A conflict of purpose would seem to throw doubt over the choice Congress must make soon over US trade relations with China.

A conflict of purpose would seem to throw doubt over the choice Congress must make soon over US trade relations with China.

Such conflict, however, is nothing new.

Congress must decide whether to approve an agreement by the Clinton administration to normalize trade with the people's republic. A large number of undecided votes in the House of Representatives, most belonging to Democrats, makes the outcome uncertain.

The trade agreement gives US approval to Chinese membership in the World Trade Organization. If Congress rejects it, China could still become a WTO member but would then not have to honor trade concessions it made under the agreement.

US companies doing business in China thus would face a potential disadvantage in competition with companies from non-US members of the WTO. The imbalance would weaken the trade group.

Opponents to the trade bill raise legitimate concerns, from Beijing's wretched record on human rights, to its escalating threats against Taiwan, to its spotty compliance with existing agreements.

So the looming vote should represent an interesting indication of how the US views trade - whether as a priority interest in its own right or as a lever of influence in international relations.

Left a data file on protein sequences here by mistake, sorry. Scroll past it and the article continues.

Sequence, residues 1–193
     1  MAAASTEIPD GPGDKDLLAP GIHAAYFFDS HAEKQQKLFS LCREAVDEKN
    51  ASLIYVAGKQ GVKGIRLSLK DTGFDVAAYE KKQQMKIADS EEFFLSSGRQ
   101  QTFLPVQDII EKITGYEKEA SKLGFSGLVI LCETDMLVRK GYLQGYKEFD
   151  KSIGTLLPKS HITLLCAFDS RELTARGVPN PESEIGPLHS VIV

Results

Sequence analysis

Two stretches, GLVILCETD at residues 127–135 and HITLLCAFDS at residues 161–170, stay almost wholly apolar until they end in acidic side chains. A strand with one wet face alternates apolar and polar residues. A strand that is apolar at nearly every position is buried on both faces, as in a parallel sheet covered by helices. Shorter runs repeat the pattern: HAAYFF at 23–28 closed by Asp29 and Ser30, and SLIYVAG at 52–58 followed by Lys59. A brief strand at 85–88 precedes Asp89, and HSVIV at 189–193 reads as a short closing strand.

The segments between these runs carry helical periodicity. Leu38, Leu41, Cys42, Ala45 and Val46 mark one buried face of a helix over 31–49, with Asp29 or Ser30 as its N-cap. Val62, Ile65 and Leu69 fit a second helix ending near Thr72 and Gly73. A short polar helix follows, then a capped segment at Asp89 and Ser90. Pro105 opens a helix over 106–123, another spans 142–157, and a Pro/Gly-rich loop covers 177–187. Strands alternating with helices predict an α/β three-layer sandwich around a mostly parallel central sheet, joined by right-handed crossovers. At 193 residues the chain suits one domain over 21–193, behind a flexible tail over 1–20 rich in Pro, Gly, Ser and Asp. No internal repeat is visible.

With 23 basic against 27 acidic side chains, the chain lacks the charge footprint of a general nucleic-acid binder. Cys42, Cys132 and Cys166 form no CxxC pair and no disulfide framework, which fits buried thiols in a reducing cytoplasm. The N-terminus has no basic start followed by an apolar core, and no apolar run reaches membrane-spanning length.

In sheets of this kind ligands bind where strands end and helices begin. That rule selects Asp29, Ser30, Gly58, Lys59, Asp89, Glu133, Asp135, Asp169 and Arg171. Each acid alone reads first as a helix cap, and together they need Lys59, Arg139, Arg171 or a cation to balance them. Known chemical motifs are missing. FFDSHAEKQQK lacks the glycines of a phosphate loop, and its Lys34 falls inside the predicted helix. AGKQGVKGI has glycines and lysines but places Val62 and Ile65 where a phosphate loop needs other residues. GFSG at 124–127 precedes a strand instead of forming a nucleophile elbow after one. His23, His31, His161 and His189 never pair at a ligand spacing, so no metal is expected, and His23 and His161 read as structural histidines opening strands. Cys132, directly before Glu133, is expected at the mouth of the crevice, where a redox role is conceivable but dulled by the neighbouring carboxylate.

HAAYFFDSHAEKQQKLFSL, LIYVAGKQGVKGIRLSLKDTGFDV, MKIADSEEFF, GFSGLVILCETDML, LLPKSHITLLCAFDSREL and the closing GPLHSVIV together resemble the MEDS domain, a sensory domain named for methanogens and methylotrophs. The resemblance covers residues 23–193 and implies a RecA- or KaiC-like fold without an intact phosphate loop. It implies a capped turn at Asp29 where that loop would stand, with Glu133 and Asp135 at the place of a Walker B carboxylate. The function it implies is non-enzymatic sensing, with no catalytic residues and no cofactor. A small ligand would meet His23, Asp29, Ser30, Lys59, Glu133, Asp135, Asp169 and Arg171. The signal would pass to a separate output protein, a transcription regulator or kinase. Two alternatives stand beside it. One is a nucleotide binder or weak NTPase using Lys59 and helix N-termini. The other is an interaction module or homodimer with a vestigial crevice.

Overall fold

An administration eager for approval would normally press the priority-interest argument. But this administration cannot comfortably do so.

The Clinton administration hasn't consistently treated trade as a priority interest. It has extended the role of trade sanctions in foreign policy. And it made no serious effort to keep the WTO meeting earlier this year in Seattle from degenerating into an unproductive and foreshortened smashfest appalling to everyone except union leaders, environmental extremists, and opponents of something called globalism.

From the Clinton team, therefore, arguments for the China trade bill based on the overarching advantages of free trade come across as strained.

Hence the plan advanced this week to set up a team of trade specialists to do nothing but monitor Chinese compliance with the trade pact.

It's a splendid diversion. It looks like enforcement and thus might persuade undecided lawmakers to vote for the trade bill.

But would the Chinese trade specialists be any more vigilant about infractions than US companies suffering unfair treatment? What's the point of handling trade complaints involving China more expeditiously than others? Are trade infractions by China worse than those by anyone else?

What does it say about the WTO if the US decides it's necessary to set up its own enforcement mechanism? Isn't that the WTO's purpose? If WTO isn't handling the job, what's the point of all this?

And if China trade vigilantes in the US government actually did turn up problems justifying their existence-meaning WTO couldn't or wouldn't act on them-what exactly would they do? Impose sanctions?

The politics would be much easier if the administration-which wants the right thing here-could make a clean argument based on the compelling advantages of free trade. Once again, however, it finds itself caught in conflicts of its own making.

For that reason, the odds must favor passage of the China trade bill. It is in issues such as this, with conflicts extreme and purposes unclear, that the Clinton political genius works best.

Bob Tippee

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